This paper explores the wide range of mathematics content and processes that arise in the secondary classroom via the use of unusual counting problems. A universal pedagogical goal of mathematics teachers is to convey a sense of unity among seemingly diverse topics within mathematics. Such a goal can be accomplished if we could conduct classroom discourse that conveys the Lakatosian (thought-experimental) view of mathematics as that of continual conjecture-proof-refutation which involves rich mathematizing experiences. I present a pathway towards this pedagogical goal by presenting student insights into an unusual counting problem and by using these outcomes to construct ideal mathematical possibilities (content and process) for discourse. In particular, I re-construct the quasi-empirical approaches of six!4-year old students’ attempts to solve this unusual counting problem and present the possibilities for mathematizing during classroom discourse in the imaginative spirit of Imre Lakatos. The pedagogical implications for the teaching and learning of mathematics in the secondary classroom and in mathematics teacher education are discussed.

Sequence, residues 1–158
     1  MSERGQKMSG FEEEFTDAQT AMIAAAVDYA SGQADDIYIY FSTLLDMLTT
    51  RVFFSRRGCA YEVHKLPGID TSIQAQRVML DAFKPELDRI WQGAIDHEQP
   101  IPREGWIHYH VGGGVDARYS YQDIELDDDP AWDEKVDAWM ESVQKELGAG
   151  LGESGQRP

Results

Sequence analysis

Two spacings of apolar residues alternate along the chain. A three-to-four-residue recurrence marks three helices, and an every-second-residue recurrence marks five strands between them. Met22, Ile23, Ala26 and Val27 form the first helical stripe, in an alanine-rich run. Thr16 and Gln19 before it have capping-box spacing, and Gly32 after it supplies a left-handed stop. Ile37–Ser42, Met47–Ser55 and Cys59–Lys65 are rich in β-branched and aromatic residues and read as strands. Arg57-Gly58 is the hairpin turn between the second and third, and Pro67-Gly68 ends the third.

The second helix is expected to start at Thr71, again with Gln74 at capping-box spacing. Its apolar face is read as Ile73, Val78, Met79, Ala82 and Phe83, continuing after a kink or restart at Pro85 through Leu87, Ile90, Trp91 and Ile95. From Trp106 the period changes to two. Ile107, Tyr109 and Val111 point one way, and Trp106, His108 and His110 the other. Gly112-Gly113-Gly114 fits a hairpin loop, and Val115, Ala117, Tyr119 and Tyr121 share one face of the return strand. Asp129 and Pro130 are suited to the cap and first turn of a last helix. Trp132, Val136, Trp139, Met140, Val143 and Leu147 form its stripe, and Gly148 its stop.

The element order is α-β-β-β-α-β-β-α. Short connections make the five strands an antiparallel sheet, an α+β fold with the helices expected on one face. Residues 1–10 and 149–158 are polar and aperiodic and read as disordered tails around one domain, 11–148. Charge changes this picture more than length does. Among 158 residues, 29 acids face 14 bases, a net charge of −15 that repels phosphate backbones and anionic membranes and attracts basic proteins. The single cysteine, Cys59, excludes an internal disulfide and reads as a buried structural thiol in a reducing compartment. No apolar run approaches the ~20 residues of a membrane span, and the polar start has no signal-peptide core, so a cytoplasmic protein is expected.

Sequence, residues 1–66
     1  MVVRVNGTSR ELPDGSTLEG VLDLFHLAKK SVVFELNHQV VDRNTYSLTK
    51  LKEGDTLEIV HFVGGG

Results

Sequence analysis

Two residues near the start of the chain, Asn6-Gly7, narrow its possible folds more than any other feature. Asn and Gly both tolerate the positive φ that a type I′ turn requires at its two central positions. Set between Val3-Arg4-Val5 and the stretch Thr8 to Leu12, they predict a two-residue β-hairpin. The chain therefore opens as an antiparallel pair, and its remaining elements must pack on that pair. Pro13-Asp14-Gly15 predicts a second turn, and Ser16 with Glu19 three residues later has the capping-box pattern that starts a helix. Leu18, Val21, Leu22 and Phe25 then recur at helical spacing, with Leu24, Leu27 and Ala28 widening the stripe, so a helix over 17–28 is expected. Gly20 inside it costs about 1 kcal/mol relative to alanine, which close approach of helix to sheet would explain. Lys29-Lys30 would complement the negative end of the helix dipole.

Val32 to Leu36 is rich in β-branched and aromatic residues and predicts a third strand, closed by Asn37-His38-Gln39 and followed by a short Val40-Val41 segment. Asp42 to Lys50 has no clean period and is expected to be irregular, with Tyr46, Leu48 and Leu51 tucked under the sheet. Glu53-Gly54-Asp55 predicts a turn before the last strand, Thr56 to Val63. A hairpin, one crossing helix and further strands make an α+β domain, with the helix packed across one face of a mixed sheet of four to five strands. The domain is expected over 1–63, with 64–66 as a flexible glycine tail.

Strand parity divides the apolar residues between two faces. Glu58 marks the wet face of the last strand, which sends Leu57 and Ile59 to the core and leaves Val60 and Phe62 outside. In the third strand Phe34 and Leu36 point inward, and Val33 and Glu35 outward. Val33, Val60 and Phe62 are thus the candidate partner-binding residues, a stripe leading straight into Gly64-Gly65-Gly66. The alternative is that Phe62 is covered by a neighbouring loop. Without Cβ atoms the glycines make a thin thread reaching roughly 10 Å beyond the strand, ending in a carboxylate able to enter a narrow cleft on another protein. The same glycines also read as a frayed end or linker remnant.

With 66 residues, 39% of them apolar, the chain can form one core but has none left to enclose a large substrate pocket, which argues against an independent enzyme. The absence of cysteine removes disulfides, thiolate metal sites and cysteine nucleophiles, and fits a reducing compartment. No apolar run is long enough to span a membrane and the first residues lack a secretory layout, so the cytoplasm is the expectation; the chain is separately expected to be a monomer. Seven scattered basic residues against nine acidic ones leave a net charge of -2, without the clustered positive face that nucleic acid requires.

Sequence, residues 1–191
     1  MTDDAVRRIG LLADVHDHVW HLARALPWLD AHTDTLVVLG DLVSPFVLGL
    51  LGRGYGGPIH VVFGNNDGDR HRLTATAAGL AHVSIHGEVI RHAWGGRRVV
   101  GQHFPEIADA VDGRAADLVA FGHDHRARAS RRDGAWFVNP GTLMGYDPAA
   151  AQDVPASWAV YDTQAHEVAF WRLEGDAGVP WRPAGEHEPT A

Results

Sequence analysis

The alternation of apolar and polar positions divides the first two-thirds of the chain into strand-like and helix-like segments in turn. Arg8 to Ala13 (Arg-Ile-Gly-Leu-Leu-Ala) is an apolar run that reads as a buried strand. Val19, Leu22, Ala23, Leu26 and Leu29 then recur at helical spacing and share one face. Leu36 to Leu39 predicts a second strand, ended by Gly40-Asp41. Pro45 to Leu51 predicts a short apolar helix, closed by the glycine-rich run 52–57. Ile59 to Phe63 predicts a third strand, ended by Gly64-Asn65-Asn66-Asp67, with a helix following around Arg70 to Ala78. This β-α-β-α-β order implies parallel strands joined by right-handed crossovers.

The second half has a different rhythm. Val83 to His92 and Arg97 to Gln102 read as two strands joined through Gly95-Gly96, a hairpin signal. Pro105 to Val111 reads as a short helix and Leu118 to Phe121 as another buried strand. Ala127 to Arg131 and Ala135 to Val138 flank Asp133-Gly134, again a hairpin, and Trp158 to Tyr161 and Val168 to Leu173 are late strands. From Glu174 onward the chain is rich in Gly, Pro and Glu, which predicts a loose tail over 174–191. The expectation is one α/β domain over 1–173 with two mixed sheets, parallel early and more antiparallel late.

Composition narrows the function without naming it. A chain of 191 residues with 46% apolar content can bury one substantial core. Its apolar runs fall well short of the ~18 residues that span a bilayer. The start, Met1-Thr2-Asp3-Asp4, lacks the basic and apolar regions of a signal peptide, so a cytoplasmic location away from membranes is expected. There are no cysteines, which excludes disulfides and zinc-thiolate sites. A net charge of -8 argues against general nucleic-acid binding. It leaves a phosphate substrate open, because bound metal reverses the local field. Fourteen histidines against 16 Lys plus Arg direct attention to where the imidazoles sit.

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Sriraman, B. An Ode to Imre Lakatos: Quasi-Thought Experiments to Bridge the Ideal and Actual Mathematics Classrooms. Interchange 37, 151–178 (2006). https://doi.org/10.1007/s10780-006-8405-1
- mathematical structures
- problem solving
- teacher education